Make a wish… At 11:11 on 11/11 we made a wish that all Enterprise-Scale Web Application Developers™ would feel loved. Later in the day Angular 11 was released.
This release doesn’t include many big, flashy changes, but it does come with a laundry list of smaller features and improvements. Here are 3 big things you should know about the AngEl release. (Angular Eleven => AngEl.)
(Just hire us to run your branding already, Google.)
1. CLI Updates: Lots of speed and usability improvements here. Automatic font inlining (for Google Fonts, at least) to speed up your app’s first contentful paint. New CLI support for Hot Module Refresh (HMR) to instantly update your running app with your latest changes in development. Updates to the CLI output to make the logs and reports a lot prettier and actually readable.
2. Component Test Harnesses: This test suite was available for a few Angular Material Components back in v9, but now it’s available for all components. There’s also a new parallel function that lets you run multiple async interactions in parallel, which should make it a lot easier to test these components.
3. Experimental support for Webpack 5: For now, you’re only able to experiment with module federation. But support for incremental builds and other Webpack 5 features are in the works and are expected to come in near-future releases.
Other notable v11 features/improvements include stricter types, faster builds, updated linting, and the ability to use translation strings outside of Angular.
In the highly scientific field of numerology, the number 11 is supposed to represent “something intuitive and spiritual.” Intuitive and spiritual? That does sound exactly like Angular.
Y’all wanna system link sometime?
Last week Babylon released v4.2 (AKA v420-blaze-it), which doubles down on the “powerful but simple” idea with a robust set of new tools and features.
We’ll cover a few of the cool ones and include links to the appropriate section of the Babylon Playground where you can play around and pretend to be the artsy creative developer we all wish we we could be (deep down).
New Particle Editor: Lets you create, edit, and shape particle systems with or without writing code (depending on if you want to use the clickable editor or not).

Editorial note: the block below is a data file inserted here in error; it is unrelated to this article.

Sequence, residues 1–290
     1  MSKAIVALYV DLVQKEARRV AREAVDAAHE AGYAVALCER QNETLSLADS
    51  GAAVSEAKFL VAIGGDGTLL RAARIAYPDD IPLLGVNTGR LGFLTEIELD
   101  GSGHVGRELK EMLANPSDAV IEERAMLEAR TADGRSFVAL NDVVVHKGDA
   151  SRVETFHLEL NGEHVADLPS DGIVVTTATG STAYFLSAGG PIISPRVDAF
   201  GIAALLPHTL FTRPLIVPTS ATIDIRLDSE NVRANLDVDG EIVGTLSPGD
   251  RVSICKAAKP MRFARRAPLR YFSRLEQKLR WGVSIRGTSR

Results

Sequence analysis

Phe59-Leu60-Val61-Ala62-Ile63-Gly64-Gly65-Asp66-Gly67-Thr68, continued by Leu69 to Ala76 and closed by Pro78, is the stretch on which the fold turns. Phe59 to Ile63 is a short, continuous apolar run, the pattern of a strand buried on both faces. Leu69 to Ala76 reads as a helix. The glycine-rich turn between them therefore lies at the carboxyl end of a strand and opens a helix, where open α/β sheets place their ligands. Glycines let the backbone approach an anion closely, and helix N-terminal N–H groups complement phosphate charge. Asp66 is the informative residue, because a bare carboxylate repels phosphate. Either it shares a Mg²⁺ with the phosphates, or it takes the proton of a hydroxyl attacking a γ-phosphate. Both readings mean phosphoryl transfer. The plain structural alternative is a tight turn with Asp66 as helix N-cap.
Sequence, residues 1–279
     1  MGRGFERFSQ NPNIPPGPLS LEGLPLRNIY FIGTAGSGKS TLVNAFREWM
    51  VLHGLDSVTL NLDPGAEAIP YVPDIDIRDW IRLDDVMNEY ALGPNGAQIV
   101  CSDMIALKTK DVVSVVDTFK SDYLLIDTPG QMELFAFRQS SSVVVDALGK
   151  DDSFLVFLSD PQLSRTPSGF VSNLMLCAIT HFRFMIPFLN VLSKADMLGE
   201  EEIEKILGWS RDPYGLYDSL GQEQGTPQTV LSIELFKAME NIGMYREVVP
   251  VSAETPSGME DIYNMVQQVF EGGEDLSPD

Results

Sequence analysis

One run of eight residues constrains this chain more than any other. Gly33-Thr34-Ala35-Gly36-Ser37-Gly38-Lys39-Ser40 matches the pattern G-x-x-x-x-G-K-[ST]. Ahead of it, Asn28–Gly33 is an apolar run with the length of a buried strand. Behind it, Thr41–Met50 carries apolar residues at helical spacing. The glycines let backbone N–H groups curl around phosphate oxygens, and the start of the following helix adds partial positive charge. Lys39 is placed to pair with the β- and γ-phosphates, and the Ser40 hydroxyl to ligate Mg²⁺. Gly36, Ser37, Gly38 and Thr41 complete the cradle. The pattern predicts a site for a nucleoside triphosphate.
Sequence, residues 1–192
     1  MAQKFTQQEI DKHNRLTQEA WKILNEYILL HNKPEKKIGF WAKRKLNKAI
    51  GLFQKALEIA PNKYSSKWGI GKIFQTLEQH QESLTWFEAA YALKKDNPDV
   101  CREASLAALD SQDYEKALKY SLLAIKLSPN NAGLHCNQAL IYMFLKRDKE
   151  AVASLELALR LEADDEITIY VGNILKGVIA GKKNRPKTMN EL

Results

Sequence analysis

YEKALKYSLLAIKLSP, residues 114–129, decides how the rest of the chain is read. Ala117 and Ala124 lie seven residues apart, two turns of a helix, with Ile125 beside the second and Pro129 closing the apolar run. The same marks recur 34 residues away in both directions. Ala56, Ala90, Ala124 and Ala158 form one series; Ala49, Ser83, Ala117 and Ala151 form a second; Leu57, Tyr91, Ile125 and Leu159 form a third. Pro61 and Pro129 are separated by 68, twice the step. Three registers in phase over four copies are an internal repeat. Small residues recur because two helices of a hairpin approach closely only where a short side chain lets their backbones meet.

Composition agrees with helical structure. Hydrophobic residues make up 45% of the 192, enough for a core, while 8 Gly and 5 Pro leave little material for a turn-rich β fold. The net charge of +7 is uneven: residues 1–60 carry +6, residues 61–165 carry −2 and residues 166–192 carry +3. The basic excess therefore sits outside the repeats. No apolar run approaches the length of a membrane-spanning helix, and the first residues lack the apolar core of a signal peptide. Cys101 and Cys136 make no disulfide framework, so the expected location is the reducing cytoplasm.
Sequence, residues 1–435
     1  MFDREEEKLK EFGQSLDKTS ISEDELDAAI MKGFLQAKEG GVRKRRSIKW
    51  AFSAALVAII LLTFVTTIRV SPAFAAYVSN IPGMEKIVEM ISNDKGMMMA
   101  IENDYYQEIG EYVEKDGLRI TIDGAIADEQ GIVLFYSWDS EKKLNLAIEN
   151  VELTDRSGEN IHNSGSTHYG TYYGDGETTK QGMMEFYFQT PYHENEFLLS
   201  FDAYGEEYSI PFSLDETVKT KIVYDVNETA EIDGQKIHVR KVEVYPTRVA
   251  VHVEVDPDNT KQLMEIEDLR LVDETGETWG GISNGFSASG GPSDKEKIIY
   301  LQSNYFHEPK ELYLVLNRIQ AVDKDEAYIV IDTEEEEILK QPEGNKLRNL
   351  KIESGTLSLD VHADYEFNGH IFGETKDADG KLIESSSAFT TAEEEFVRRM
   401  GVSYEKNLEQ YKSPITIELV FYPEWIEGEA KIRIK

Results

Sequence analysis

Skeleton Viewer: A new debugging tool that can render bones and joints, visualize skin weights, and more so that it’s easier to catch texture issues in your 3D images.
Physically Based Rendering (PBR) Support in the Node Material Editor: Another new, clickable editor that lets you create and modify your own PBR materials in dozens of ways.
Babylon React Native: A system for building native apps with the same code used for Bablyon web apps that “takes the power of React Native and combines it with the power and simplicity of Babylon.js to create some truly amazing cross-platform experiences.”
It’ll be interesting to see how projects like Babylon evolve as 3D rendering continues to expand beyond gaming and into spaces like AR, ecommerce, prototyping, logistics, and more.
Spot the bug in this Tweet. (❤️ you Jon!)
Rob wrote about his 10 Insights from Adopting TypeScript at Scale.
Yonatan Kra gave a 30-minute talk on the Event Loop at (virtual) WarsawJS.
Phosphor is a free, flexible icon family with 3,500+ icons. A “flexible family” with over 3,500 members definitely sounds like a cult. (“You have more fun as a follower, but you make more money as a leader” -Creed from The Office)
CKC made a tutorial on the well-known marching squares algorithm and by well-known we mean “you vaguely remember it if you have a computer science degree”
const options = ["jersey mikes", "firehouse", "subway"] options[Math.floor((Math.random() * 3) + 1)]
1 to the result of
Math.random() * 3, it will always be greater than
1 which means
jersey mikes will never be chosen.
const options = ["jersey mikes", "firehouse", "subway"] options[Math.floor((Math.random() * 3))]
The bigger problem though is why Jon would include Subway on this list…